Demand the Government of Uganda pass a law against acid attacks.

Demand the Government of Uganda pass a law against acid attacks.

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RISE started this petition to Government of Uganda

My name is Linneti Kirungi and I am the Founder and Director of Hope Care Rescue Mission, a nongovernmental organization in Uganda supporting acid attack survivors.  I am also an acid attack survivor and as a survivor, and on behalf of the hundreds of survivors with whom I work, I am requesting that you sign this petition demanding the Ugandan government pass a law regulating the sale of acid and ensuring strict punishments for perpetrators of this devastating crime. 

Here is my story: I was a young girl, just 18 years old, when I met Trevor (a pseudonym.)  I thought maybe we would spend the rest of our lives together.  Everything was going on well.  But around one year into our relationship, while on break from school, my sister helped get me a temporary job as a field clerk for a large company.  When I told Trevor about the job, he said, "No, I cannot allow you to go and work there."  When I asked why, he said it was because it was a male dominated company.  Then I asked him, "Have you ever seen a company just for women?"  I told him I cannot just sit down when I have an opportunity.  On my first day at work, he started sending threatening messages to other people who worked at the company, warning them, “Don't mess with Linnet.  She is my wife."  But because it was my first day there, they didn't even know who I was.  Trevor started following all of my movements.  He had my friend's contacts and would call them and ask to talk to me.  I started realizing this was a controlling kind of relationship.  

When I started at Makerere University in Kampala in 2011, he started telling me that he wanted to get married.  I told him, “I came to the university to study.  I have not come here to get married.”  I told him I value my future.  So of course he was saying, “Linnet you are just coming up with excuses.  You want to end the relationship.”  After insisting several times that I was not ready to get married, he called me and said, “Linnet, can we meet and talk?"  This was during exam time and I told him I had one paper to finish.  I told him I can talk after that, the next day.  He told me, “No, I want to talk to you now.”  So he came to the university to look for me.  I ran into him when I was headed to another dorm for a group discussion, and when I met him, he just grabbed my hand and said, "Can we sit and talk?" So I said, "What is that thing that cannot wait for just one day?"  So what he did, I saw him raising his hand to slap me. I remember that time, I grabbed his hand to prevent him from slapping me.  He said, "Linnet, I am sorry" but I told him, “Let's end this relationship.  I don't think things are going to work out."  He then told me, “I will not let you go.  I think maybe you are seeing other people and that's why you want to leave me.  If it means killing anyone else that comes between us, I will do that."  But of course, I was young. I did not take these signs seriously.  After that incident, he kept calling me, saying, “Linnet, you are my wife.  I will not allow any other person to take you."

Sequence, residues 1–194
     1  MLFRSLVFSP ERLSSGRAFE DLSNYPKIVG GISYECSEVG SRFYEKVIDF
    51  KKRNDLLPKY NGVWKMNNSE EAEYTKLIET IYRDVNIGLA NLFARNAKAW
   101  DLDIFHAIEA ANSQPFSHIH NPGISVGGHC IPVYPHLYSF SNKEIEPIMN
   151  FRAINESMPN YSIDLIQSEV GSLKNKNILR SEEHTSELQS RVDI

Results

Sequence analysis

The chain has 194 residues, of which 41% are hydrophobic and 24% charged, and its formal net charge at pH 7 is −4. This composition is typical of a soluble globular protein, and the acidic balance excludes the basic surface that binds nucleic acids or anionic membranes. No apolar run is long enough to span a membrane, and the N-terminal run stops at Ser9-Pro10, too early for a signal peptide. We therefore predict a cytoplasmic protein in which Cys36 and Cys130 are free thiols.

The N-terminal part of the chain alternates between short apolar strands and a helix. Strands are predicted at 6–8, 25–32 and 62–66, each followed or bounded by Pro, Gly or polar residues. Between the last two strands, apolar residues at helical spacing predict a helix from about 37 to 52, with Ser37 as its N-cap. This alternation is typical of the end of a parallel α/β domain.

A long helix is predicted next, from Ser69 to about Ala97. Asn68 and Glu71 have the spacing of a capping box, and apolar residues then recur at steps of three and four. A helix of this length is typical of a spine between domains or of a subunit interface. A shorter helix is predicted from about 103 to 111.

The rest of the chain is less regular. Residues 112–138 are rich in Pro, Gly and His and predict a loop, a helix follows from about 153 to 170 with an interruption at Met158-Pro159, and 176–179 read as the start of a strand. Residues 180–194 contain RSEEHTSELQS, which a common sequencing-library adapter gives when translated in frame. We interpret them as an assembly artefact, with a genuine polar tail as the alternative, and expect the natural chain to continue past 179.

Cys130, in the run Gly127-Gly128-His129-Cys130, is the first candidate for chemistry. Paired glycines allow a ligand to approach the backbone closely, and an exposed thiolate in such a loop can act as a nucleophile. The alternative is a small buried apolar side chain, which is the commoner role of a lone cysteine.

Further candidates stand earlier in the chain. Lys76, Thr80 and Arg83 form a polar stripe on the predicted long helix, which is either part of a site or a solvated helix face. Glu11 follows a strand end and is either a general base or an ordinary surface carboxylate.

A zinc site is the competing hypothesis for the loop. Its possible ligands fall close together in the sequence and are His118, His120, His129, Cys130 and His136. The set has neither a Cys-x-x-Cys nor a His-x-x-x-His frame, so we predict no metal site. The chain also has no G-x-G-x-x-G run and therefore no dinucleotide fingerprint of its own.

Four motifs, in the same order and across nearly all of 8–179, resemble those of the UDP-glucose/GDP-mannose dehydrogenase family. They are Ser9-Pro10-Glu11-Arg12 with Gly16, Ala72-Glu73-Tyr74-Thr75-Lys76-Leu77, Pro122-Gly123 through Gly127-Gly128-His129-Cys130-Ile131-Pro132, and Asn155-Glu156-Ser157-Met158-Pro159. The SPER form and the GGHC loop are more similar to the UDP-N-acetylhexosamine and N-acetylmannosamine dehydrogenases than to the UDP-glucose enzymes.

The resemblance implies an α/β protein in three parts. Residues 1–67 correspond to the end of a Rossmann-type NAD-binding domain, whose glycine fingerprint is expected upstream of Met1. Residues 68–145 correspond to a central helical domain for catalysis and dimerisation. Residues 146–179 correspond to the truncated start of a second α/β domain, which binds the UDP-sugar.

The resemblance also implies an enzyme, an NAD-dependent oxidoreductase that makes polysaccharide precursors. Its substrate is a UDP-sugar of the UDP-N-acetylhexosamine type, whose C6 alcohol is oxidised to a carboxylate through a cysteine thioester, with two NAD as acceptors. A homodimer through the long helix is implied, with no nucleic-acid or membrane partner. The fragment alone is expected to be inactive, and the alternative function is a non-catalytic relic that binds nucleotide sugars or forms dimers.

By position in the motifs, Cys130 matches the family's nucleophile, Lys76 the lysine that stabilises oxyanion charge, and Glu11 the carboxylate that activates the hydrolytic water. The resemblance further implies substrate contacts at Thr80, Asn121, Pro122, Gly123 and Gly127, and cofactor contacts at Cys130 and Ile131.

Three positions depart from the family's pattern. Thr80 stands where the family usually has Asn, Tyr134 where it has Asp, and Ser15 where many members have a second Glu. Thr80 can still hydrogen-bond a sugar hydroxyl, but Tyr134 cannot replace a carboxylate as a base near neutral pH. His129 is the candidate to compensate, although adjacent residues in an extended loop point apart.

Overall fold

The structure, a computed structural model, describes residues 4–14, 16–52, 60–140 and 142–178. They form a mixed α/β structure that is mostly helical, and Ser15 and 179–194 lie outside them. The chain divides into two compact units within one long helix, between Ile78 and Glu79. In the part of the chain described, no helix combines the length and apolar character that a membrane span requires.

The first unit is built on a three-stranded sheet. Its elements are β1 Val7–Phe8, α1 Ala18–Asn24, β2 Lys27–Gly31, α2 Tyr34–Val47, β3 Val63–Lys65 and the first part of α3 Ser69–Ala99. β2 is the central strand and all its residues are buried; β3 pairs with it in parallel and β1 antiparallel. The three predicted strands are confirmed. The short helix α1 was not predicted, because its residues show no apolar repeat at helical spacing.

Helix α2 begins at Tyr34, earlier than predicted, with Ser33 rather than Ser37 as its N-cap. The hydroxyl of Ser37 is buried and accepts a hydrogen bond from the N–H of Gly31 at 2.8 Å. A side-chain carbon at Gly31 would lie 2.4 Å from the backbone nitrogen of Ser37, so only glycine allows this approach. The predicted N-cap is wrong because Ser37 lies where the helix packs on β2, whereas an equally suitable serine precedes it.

One morning, around 5am, he called asking me about my plan for the entire day.  He asked, “At what time are you going to the university?”  I told him I had to go early because I had a paper.  Then he called four more times, asking, “Have you left yet?”  On the last call, I was just leaving the dorm.  I was walking with a group of friends and I started hearing the footsteps of someone walking behind.  I got a strange feeling that we were being followed but when I turned to look, I did not see anyone. It was still very early, not yet 6am, and it was not yet light out.  My friends eventually went in a different direction and the minute I was alone, I felt like I was hearing a voice telling me, “Linnet look behind.”  When I turned, there was a person behind me trying to come in front of me.  This person was struggling to enter the corridor before me.  When he was almost in front of me, I saw him coming with a bucket, the buckets we use for showering.  The person had covered himself with black.  Then he poured.  I happened to turn my face, and that's how my face survived and my left side was damaged.